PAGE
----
President Trump started speaking just after 7 p.m. He mentioned the stock market's record bounce-back Monday, while throwing sharp barbs at the thinning Democratic presidential field on the eve of Super Tuesday's big round of primaries.
Trump's spirits were high after the Dow Jones Industrial Average soared nearly 1,300 points, or 5 percent, clawing back from a seven-day rout in which it dropped more than 3,500 points. Stocks rose Monday on hopes that central banks will take action to shield the global economy from the effects of the coronavirus outbreak.
"Do you think our opponents were thrilled when they saw the stock market today?" asked Trump, who has seen a bull market throughout his three years in office.
The president threw some of his hardest punches at former Vice President Joe Biden, who is coming off a decisive win in Saturday's South Carolina primary. Trump picked at Biden's propensity for rhetorical stumbles on the stump, suggesting it was a sign of senility.
"I honestly don't think he knows what office he's running for," Trump said. He added: "He's not going to be running it. Other people are going to be running it. ... They're going to be super left radicals, Joe is going to be in a home watching television."
Trump allowed that Vermont Sen. Bernie Sanders, who won finished at or near the top in three of the first four nominating contests, "does have some enthusiasm, but much less than we have."
It's a crucial moment in the nomination battle: Biden is making the case that moderates need to consolidate behind him to stop Sanders, a Democratic socialist, and give Democrats a shot at beating Trump in November.
Two other Democrats have exited the race: former South Bend, Indiana, Mayor Pete Buttigieg and Minnesota Sen. Amy Klobuchar. Former New York City Mayor Bloomberg, who skipped the first four contests, will appear on the ballot for the first time Tuesday.
Trump speculated there may have been a "quid pro quo" for Buttigieg - the offer of a job in the next Democratic administration for dropping out and endorsing Biden.
"Impeach them. They should be impeached," Trump said.
Trump has offered daily commentary on the Democratic race, alternately boasting that no Democrat has a chance against him, ridiculing the top tier of candidates with derisive nicknames, and arguing that the party's establishment is trying to steal the nomination from Sanders.
Sanders shot back at Trump on CNN Monday night, saying: "President Trump, stay out of the Democratic primary. Why don't you do your job for a change as president?"
Everything you need to know for Super Tuesday
Earlier Monday, Trump said he had no qualms about attending a large stadium rally despite the coronavirus threat.
"I think it's very safe," Trump said of campaign rallies, and he noted that the Democratic candidates are having plenty of rallies themselves.
North Carolina, a perennial swing state, is among the 14 states, one territory and voters abroad that will cast their ballots Tuesday, races that represent about a third of all delegates.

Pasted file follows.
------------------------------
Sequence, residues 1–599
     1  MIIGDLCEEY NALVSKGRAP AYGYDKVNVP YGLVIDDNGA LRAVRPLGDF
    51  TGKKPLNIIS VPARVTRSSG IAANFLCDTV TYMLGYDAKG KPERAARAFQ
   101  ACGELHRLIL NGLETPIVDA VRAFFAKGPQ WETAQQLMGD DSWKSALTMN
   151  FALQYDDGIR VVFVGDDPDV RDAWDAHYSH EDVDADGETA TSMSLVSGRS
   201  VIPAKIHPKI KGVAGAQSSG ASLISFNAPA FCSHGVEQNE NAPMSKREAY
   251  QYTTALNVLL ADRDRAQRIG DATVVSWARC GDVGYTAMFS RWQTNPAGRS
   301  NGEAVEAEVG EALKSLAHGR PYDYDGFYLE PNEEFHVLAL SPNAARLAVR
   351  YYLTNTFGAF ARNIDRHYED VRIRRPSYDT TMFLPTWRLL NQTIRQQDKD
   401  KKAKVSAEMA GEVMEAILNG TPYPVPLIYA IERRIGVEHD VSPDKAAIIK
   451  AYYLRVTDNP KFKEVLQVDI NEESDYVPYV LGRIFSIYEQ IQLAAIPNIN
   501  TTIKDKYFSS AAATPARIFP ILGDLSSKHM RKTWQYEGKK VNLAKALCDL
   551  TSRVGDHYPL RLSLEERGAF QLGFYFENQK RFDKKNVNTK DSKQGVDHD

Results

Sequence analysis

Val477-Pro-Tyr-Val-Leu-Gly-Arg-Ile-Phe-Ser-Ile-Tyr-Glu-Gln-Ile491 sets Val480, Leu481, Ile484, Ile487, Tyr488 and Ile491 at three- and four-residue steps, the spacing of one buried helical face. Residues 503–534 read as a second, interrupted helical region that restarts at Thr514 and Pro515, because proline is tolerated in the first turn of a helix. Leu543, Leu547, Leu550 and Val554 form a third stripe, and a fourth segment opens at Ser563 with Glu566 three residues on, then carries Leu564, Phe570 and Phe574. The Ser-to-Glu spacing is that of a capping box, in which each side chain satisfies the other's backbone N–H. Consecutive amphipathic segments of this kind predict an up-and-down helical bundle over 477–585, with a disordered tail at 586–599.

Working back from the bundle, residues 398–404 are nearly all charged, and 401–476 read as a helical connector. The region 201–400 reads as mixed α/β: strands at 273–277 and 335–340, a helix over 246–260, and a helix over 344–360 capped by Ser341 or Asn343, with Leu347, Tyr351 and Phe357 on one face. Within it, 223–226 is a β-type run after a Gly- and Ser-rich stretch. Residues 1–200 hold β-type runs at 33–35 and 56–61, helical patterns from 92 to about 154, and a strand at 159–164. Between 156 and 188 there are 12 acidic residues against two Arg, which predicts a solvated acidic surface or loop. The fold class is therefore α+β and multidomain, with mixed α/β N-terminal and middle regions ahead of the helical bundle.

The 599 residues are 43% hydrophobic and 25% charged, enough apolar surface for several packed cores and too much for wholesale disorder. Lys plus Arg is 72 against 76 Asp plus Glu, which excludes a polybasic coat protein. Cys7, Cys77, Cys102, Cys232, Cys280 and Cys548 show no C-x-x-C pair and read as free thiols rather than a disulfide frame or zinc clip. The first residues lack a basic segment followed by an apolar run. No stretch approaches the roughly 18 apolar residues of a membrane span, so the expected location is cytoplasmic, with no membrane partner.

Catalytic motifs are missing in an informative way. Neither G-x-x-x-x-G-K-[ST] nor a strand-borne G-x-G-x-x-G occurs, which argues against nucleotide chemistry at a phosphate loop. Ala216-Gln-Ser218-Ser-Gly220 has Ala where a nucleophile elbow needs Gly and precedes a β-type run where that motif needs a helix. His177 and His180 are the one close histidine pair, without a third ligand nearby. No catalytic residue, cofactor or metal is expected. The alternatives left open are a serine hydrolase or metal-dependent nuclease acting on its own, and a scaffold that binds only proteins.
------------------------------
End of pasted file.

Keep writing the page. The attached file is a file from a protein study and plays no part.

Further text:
Trump's rally in Charlotte follows his campaign's pattern of churning out robust counter-programming throughout the Democratic nominating process. In recent weeks, the president has held rallies in each of the four early voting states for the presidential nomination.
The president and the GOP are giving North Carolina, which has been decided by close margins over the last three presidential election cycles, plenty of attention.
Sen. Thom Tillis, R-N.C., joined the president on stage in Charlotte.
"Ladies and gentlemen, you have got a stark choice and it starts tomorrow.," Tillis told the crowd. "We're both on the ballot. You need to vote for us so we can go back and do it again."
Trump's words offered a boost for Tillis, whose seat is a major target for Democrats.
"Thom has really been incredible. He's been working every day," Trump said. "And he really wants to fight the radical left and he does it. And he knows how to fight and take care of our amazing veterans and stop illegal immigration."
Republicans have picked Charlotte to host the Republican National Convention. Trump also visited Charlotte last month as part of a series of revitalization and "opportunity now" summits, programs he and administration officials have highlighted as he tries to chip away at the Democrats' electoral advantage in minority communities.
"North Carolinians have enjoyed a booming economy, fairer trade deals, and safer communities thanks to President Trump's 'Promises Made, Promises Kept' agenda," Trump Victory spokesperson Samantha Cotten said in a statement. "Come November, voters in the Tar Heel State will remember they are better off now than they were four years ago and vote to re-elect President Trump."
Tuesday's North Carolina primaries also feature dozens of contested statewide, congressional and legislative races in addition to the Democratic and Republican presidential competitions. Near the top of the ballots are elections to choose Democratic and Republican nominees for governor and U.S. Senate.
Preliminary figures from the State Board of Elections show more than 777,000 North Carolina residents cast ballots through early in-person voting that ended Saturday afternoon. About 686,000 voted through this method during the March 2016 primary, when there were 10 early-voting days. This year there were 17. Democrats voted a disproportionate portion of ballots compared to their percentage of registered voters.
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